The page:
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The Hunger Games Translates Successfully to the Screen

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Well, the time has finally come for the most anticipated fantasy/sci-fi franchise of the year. All you YA fans have been jonsing like starving addicts for “the next Harry Potter”, and now you can wipe that drool off your face and settle down folks, The Hunger Games delivers!

 

Right from the beginning, the film strikes, literally, the right note with a somber, twangy acoustic score under simplistic titles explaining the history of the Hunger Games: After a disastrous civil war, the country of Panem instated an annual contest where one boy and one girl between the ages of twelve and eighteen from each of its twelve districts are chosen to compete to the death in an elaborate arena. Katniss (Jennifer Lawrence) lives in the coal mining District 12; a drab version of Appalachia which looks as if the poor, rural town in Winter’s Bone (superb film, also starring Lawrence in a notably similar role) was worm-holed to a Great Depression-era alternate history. During “the Reaping”, or the ceremony where contestants (called tributes) are chosen, Capitol appointed District 12 escort Effie Trinket (Elizabeth Banks) chooses the name of Katniss’ sister Primrose (Willow Shields) from a giant fish bowl. In order to save her sister, Katniss volunteers in her place and is thrust along with another tribute, Peeta Mellark (Josh Hutcherson), into the contest of her life. 

 

On the train to the Capitol, Katniss and Peeta meet their mentor Haymitch (Woody Harrelson – brilliant casting), one of the few survivors – or winners – of the Games, haunted by the violence of his past. And as the wind-up to the Games commences they realize that there is more to surviving than being the strongest or fastest. The Games are broadcast live in all of Panem’s districts, and conducted by the most evil television director I’ve ever seen (and as someone who has worked in television, I’ve seen a few). As we learned in Ridley Scott’s Gladiator, in order to win the game one must “win the crowd”.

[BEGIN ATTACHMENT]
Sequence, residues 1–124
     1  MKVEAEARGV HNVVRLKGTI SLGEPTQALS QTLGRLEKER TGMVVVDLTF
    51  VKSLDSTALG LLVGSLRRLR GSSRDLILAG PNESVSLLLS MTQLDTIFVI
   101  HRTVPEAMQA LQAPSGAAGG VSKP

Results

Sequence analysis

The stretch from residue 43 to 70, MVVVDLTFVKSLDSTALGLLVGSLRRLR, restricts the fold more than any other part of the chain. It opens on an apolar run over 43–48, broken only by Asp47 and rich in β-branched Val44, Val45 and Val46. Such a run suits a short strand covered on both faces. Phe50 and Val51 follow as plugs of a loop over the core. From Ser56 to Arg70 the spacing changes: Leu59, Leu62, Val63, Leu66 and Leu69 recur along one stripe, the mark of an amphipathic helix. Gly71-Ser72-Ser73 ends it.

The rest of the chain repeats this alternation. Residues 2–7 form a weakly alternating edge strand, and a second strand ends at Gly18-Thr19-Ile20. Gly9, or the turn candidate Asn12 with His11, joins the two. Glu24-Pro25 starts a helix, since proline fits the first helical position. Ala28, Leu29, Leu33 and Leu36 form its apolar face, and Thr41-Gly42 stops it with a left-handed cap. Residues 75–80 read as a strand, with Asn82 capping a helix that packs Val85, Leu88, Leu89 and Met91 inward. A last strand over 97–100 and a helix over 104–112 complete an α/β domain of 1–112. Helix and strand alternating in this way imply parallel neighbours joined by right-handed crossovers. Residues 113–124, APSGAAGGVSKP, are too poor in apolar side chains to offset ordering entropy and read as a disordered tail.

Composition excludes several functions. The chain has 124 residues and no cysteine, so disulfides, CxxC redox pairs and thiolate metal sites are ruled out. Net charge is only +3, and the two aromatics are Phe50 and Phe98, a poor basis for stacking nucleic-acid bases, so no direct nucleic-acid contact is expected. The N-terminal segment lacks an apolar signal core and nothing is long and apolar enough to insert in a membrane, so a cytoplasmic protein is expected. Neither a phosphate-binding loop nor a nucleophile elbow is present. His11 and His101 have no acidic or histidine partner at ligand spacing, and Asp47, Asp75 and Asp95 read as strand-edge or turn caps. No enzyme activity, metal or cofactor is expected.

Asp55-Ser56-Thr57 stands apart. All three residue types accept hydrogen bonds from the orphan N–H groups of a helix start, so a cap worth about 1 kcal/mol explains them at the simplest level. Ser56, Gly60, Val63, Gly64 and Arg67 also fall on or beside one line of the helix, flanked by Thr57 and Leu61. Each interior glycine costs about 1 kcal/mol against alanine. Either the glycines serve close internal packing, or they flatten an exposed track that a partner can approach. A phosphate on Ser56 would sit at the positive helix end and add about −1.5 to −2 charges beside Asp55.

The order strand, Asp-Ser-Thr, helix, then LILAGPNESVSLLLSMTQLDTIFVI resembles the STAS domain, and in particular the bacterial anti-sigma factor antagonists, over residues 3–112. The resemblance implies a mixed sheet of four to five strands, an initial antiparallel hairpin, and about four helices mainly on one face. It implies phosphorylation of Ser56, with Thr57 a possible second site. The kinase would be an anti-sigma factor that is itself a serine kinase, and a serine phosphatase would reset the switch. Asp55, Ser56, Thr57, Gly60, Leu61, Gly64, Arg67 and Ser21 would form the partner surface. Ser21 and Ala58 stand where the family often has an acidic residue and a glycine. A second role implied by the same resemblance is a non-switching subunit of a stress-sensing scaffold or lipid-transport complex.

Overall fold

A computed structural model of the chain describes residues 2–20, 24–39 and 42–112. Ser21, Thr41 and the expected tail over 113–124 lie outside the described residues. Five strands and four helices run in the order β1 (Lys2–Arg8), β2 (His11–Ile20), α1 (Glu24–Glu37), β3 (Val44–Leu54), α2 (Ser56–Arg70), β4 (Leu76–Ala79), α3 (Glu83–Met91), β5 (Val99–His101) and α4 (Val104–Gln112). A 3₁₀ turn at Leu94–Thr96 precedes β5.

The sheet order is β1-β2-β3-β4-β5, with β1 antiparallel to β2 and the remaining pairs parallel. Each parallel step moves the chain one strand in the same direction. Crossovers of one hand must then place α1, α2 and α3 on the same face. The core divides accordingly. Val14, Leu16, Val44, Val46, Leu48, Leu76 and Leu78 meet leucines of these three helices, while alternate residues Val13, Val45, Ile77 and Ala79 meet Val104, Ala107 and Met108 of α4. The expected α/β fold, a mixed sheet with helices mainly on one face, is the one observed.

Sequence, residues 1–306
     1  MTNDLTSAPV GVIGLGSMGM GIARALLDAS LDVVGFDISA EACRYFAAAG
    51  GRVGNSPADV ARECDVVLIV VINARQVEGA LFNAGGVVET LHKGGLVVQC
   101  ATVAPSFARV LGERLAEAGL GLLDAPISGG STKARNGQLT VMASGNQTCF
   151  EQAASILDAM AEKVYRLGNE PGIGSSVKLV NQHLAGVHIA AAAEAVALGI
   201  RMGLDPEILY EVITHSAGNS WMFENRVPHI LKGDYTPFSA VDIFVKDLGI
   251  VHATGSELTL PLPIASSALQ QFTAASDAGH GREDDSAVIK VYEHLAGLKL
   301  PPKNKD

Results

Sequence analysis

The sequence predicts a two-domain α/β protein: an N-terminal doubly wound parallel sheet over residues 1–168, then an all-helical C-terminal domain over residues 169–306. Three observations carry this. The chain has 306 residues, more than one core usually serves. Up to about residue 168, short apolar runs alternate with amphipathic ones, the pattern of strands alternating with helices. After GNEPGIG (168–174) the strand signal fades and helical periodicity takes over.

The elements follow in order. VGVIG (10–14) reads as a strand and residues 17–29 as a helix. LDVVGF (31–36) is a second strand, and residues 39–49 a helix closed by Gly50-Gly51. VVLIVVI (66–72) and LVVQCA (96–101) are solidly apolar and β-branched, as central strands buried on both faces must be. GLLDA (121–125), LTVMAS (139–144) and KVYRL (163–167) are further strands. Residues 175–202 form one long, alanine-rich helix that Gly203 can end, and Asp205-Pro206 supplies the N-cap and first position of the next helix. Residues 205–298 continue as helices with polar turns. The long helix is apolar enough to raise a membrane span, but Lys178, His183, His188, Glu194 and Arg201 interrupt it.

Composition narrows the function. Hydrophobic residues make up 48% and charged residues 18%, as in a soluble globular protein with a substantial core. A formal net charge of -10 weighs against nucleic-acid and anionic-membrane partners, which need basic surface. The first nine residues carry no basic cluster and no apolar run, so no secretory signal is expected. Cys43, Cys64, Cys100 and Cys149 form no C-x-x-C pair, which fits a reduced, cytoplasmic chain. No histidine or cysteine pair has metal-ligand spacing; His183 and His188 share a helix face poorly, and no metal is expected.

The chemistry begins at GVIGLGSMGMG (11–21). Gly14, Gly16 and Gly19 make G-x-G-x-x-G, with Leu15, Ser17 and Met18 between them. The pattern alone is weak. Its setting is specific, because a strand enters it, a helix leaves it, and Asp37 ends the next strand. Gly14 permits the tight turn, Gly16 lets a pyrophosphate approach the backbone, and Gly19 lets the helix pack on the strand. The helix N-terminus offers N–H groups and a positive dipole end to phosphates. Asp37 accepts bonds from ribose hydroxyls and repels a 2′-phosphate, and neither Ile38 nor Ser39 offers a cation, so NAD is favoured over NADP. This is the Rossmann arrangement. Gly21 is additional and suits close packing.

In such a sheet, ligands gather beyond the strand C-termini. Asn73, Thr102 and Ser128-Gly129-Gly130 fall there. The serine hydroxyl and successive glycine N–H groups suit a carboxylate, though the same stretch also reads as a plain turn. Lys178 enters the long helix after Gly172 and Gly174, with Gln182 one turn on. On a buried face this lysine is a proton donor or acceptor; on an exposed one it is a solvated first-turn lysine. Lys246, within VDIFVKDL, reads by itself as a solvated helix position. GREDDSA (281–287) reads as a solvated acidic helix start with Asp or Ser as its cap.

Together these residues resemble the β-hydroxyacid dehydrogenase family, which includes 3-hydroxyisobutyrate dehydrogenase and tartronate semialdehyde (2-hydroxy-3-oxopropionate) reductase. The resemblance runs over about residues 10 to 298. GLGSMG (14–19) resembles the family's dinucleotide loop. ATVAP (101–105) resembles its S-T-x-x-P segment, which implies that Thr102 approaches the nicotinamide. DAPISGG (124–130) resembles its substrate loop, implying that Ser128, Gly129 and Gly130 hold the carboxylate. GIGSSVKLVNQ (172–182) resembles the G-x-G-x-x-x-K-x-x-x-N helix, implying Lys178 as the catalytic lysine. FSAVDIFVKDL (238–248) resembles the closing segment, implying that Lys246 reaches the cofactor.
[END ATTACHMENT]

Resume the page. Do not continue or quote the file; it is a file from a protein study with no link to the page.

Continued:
Fans of the books will be familiar with the story and they’ll be happy to know that the movie follows faithfully enough (the book’s writer Suzanne Collins is an executive producer). Although for a story surrounding a vicious fight to the death the movie is weirdly devoid of gore, and suffers for it when it reaches for a sense of urgency and danger and finds there’s nothing there. Misadventures in movie ratings aside, the movie hits on all other targets. The emotional high point of the movie, halfway through the Games, is a killer one – Oh yes, there will be tears. Gale (Liam Hemsworth) is appropriately attractive and broody and Peeta is just as clever and manipulative as he should be. Jennifer Lawrence, perfectly cast, is a naturally strong and likable lead. As Katniss, she shines, tapping in to that deep-rooted sense of American survivalism and self-sufficiency that makes cheering for her irresistible. Driven by the necessity of want, she’s older than her years, no-nonsense, a crack shot with a bow and arrow and can handle her business. Which throws into greater contrast the silly eccentricities and pageantry of the Games with its brutality.

 

It seems unfortunate to me that the promotion for The Hunger Games has played a little bit too heavily toward the pageantry side.  I’ve seen multiple articles on the fashion of The Hunger Games – What crazy look is Effie sporting? What about Katniss’ girl-on-fire costume? Buy The Hunger Games nail polish! It seems as though the message of the books has been lost in marketing, and I wonder what teen girls who see this movie will come away with? Will they be throwing out their nail polish or melting over Liam Hemsworth as Gale? I think it’s more likely they’ll be drawing back bowstrings at their archery lessons with painted nails. In the end the movie shares its few weaknesses with the books. While The Hunger Gamesbares its teeth at consumerism, elitism, authoritarianism, and other -isms, it lacks any serious bite. It gently touches on a critique of our reality-TV addled society but unfortunately its edge is dulled by its PG-13 rating and its subscription to teen romance. But I shouldn’t review this movie based on what I wish it would be as an adult. The Hunger Games is a well done, superbly cast young adult movie and a great survival story if not a great sci-fi parable. Now, when is the next movie coming out? *commence drooling*

Author: Daron Taylor, Special to CC2K

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